When interpreting a statute, we must determine the intent of the legislature in enacting it. Mayor City of Baltimore v. Chase, 360 Md. 121, 128, 756 A.2d 987, 991 (2000). The rules governing the search for legislative intent are settled. Id. In Chesapeake and Potomac Telephone Co. of Maryland v. Director of Finance for Mayor and City Council of Baltimore, 343 Md. 567, 683 A.2d 512 (1996), we stated:
[W]e begin our analysis by reviewing the pertinent rules of [statutory construction]. Of course, the cardinal rule is to ascertain and effectuate legislative intent. To this end, we begin our inquiry with the words of the statute and, ordinarily, when the words of the statute are clear and unambiguous, according to their commonly understood meaning, we end our inquiry there also.
Chesapeake and Potomac, 343 Md. at 578, 683 A.2d at 517 (internal citations omitted). We assign words their ordinary and natural meaning when interpreting statutory language. Lewis v. State, 348 Md. 648, 653, 705 A.2d 1128, 1131 (1998), quoting Gardner v. State, 344 Md. 642, 647-48, 689 A.2d 610, 612-13 (1997).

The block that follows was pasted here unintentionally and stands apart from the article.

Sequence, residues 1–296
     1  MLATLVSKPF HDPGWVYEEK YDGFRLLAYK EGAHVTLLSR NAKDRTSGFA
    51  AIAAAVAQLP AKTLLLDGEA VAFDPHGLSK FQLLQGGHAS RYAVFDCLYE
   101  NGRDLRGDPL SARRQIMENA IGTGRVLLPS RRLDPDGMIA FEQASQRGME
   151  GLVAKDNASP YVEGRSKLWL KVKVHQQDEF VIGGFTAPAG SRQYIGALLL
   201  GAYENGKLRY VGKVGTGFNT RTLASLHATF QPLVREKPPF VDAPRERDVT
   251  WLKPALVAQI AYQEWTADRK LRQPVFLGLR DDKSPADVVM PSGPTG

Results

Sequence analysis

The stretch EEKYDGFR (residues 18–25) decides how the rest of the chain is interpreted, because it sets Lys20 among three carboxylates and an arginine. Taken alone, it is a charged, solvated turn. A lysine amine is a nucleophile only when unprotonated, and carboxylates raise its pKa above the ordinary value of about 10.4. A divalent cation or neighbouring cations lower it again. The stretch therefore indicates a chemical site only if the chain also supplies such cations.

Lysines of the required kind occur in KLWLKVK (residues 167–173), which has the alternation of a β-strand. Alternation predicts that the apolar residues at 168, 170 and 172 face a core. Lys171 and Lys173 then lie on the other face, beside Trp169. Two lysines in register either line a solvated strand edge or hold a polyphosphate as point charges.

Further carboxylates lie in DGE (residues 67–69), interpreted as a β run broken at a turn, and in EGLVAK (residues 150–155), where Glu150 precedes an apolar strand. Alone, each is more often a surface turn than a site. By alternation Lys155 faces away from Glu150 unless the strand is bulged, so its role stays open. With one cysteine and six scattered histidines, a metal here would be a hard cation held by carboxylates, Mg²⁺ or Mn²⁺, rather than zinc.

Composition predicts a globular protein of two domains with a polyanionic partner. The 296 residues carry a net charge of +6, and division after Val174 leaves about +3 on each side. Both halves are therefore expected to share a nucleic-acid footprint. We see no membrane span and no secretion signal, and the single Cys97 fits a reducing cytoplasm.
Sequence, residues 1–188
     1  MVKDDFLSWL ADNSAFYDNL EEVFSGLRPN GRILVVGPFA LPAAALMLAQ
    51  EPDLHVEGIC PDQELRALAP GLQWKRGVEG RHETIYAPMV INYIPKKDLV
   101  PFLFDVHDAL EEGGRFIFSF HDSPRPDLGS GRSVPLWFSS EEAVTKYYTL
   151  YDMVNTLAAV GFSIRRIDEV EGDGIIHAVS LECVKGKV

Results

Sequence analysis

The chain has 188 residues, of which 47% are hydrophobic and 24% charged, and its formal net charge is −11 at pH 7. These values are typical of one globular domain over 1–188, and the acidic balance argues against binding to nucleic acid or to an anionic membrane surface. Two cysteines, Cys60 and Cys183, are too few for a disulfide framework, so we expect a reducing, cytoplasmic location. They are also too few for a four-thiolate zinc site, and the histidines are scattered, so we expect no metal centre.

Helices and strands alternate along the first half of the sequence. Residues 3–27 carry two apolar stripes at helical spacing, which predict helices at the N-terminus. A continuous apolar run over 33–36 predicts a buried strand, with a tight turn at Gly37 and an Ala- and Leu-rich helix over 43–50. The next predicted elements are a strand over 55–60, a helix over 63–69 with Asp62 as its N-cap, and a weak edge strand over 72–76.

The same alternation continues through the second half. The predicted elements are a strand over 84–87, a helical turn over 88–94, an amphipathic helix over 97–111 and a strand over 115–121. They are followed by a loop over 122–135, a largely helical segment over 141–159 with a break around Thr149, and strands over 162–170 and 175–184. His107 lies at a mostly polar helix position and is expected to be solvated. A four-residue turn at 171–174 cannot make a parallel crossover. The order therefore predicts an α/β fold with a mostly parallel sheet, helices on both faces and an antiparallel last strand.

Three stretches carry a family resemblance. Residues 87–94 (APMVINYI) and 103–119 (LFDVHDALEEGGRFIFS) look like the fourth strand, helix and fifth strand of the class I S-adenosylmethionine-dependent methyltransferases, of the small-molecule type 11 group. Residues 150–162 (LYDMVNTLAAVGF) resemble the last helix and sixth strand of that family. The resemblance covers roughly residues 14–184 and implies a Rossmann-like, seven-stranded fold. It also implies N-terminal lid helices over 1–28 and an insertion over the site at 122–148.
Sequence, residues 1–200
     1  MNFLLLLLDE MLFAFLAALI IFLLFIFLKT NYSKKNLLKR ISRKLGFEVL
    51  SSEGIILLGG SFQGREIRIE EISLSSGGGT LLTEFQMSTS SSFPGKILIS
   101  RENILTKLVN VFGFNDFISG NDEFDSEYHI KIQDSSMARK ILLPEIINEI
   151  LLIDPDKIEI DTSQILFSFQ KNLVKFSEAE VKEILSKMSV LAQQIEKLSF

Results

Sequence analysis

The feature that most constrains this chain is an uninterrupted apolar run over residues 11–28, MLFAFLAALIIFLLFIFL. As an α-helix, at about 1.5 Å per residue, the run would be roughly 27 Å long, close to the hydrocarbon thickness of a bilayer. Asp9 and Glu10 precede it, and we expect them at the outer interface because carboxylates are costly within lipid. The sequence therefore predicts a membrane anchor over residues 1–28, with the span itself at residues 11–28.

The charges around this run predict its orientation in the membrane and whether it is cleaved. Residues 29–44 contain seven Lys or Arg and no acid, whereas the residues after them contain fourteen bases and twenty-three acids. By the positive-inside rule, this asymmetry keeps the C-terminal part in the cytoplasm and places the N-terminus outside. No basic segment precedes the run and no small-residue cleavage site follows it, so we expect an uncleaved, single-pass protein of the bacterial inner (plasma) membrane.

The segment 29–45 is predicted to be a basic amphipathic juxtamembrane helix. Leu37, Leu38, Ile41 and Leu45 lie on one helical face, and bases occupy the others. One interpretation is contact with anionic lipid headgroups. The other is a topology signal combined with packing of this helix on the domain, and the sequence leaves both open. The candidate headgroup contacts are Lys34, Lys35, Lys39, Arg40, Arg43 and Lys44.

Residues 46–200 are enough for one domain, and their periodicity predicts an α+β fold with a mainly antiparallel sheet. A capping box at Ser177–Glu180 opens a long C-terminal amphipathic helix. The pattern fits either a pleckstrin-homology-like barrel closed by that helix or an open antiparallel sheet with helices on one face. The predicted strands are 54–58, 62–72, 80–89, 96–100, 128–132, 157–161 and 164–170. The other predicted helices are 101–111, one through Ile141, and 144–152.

Section 19-505(a) of the Insurance Article of the Md. Code requires "each insurer that issues, sells, or delivers a motor vehicle liability insurance policy in this State" to provide PIP coverage, unless that coverage is waived in accordance with § 19-506 of the Insurance Article. Md. Code (1997, 2002 Repl.Vol.), § 19-505(a) of the Insurance Article. Section 19-506(a)(1) states that "[i]f the first named insured does not wish to obtain the benefits described in § 19-505 of this subtitle, the first named insured shall make an affirmative written waiver of those benefits." Md. Code (1997, 2002 Repl. Vol.), § 19-506(a)(1) of the Insurance Article. Section 19-506(c) notes that a waiver made under this section is not effective "unless, prior to the waiver, the insurer gives the first named insured written notice of the nature, extent, and cost of the coverage described in § 19-505 of this subtitle." Md. Code (1997, 2002 Repl.Vol.), § 19-506(c) of the Insurance Article. Finally, Section 19-506(e) states that "[a] waiver made under this section by a person that is insured continuously by the Maryland Automobile Insurance Fund is effective until the waiver is withdrawn in writing." Md. Code (1997, 2002 Repl.Vol.), § 19-506(e) of the Insurance Article.